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Experimenting on medicines is not a joke. It involves a lot of risks, as the medicines are tried first on the rats or guinea pigs and then on humans under a controlled environment. But what happens if you wish to prove your research right and no other person is willing to check?
Well, this is what happened in Barry J. Marshall's life, where he wanted to prove his research on stomach ulcers and that the cancer could be caused by the bacteria from the body itself.
You May Also Like To Read: Shocking Scientific Experiments That People Are Trying Out Right Now!
Though the medics assumed about the prior research on the subject, they were reluctant to learn about his research.
Hence, Barry decided to prove his point by consuming an infectious broth himself and risked his life. He was 100% sure and hence wanted to save many lives with this discovery.
Check out more about how it all started…
Barry was training in Internal Medicine, along with another pathologist, J. Robin Warren, when they found a bacteria in the stomach biopsies. They initially believed that bacteria could not survive in the acidic stomach environment. But the duo were keen on learning more about it.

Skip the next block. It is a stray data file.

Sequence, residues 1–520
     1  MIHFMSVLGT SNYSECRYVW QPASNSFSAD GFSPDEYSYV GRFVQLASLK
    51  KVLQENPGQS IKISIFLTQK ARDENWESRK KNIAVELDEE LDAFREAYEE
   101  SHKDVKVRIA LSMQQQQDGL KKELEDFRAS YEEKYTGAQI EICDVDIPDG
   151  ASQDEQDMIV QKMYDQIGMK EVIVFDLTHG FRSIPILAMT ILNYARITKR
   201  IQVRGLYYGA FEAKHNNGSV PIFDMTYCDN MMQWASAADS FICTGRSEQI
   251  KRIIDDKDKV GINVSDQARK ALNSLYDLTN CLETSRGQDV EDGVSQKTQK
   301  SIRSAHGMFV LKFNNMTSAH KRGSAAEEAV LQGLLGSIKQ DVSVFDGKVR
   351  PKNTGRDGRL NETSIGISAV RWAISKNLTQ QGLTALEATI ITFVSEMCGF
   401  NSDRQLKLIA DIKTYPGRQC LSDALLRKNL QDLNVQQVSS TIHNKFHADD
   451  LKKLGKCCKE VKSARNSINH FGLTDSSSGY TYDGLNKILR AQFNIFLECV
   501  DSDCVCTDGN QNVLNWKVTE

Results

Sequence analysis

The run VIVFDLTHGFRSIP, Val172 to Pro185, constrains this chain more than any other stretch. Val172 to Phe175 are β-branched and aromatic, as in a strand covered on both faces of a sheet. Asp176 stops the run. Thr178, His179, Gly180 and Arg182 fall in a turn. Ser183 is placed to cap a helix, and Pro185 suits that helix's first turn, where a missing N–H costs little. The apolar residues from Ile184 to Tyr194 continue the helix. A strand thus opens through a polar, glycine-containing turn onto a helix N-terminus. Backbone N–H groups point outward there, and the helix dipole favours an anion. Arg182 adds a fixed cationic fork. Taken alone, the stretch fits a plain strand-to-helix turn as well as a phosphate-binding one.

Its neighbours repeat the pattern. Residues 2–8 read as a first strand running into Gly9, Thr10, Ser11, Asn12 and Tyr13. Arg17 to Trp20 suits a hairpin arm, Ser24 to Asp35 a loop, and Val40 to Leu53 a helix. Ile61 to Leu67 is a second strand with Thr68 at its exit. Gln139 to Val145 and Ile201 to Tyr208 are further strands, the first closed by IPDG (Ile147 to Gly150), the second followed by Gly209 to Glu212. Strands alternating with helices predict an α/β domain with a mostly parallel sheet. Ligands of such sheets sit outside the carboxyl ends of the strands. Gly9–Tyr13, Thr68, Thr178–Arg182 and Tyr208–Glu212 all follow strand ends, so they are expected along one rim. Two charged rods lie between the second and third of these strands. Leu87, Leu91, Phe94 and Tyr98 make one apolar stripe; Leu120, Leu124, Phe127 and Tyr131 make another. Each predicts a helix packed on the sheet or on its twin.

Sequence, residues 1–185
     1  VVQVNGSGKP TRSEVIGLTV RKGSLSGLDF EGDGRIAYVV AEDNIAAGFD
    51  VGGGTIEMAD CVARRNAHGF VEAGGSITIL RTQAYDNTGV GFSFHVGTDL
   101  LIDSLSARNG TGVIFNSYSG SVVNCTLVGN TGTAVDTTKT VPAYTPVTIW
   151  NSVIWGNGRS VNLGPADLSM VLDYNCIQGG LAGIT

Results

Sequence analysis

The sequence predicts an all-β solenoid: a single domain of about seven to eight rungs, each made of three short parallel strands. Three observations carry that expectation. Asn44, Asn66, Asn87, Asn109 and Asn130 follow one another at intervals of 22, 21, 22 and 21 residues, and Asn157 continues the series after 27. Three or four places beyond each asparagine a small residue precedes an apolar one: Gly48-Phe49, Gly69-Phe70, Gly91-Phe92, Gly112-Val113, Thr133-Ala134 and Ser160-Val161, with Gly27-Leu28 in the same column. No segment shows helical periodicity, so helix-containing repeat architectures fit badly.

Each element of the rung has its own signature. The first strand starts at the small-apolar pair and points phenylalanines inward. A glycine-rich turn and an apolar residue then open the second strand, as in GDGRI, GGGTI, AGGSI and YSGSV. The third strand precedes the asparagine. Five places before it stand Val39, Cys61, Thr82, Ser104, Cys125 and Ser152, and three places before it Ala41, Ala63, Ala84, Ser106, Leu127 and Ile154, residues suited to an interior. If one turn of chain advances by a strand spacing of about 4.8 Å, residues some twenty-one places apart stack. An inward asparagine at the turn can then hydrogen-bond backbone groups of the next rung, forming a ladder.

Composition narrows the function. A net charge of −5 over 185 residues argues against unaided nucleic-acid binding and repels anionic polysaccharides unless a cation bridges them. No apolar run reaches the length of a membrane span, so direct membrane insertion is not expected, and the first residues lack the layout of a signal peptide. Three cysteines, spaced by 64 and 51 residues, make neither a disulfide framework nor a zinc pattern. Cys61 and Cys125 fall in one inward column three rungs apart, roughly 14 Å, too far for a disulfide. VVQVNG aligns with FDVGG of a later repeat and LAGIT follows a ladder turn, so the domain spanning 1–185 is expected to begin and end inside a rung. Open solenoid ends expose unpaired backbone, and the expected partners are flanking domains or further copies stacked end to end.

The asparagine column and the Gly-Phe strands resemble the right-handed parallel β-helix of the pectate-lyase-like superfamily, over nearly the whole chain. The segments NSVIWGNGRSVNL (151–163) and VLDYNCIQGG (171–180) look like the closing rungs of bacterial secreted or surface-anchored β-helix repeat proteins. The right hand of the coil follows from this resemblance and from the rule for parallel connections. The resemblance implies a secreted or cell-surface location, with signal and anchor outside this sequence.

In their research, they soon discovered that many gastritis and stomach ulcer patients had the spiral bacteria, which is currently known as "Helicobacter pylori". Barry realised that antibiotics could replace the current treatments for ulcers.
He Became The Guinea Pig
When the scientific team believed that the ulcers were caused by stress or diet, and that the bacteria H. pylori played a role in the formation of ulcers, to prove his point on the bacteria playing the actual role, he decided to become the human guinea pig, as testing the experiment on the lab animals was not feasible.
He Drank The Infected Broth
Barry drank a concoction made from cultured bacteria. In a span of few days, he came down with gastritis. The examinations revealed that he had an inflamed stomach and taking antibiotics cured him.
He Was Awarded For This
Barry's work was appreciated and he was honoured in 2007 by being named a Companion of the Order of Australia. This award was the highest civic honour received in the country. Apart from this, he won several other awards for his research.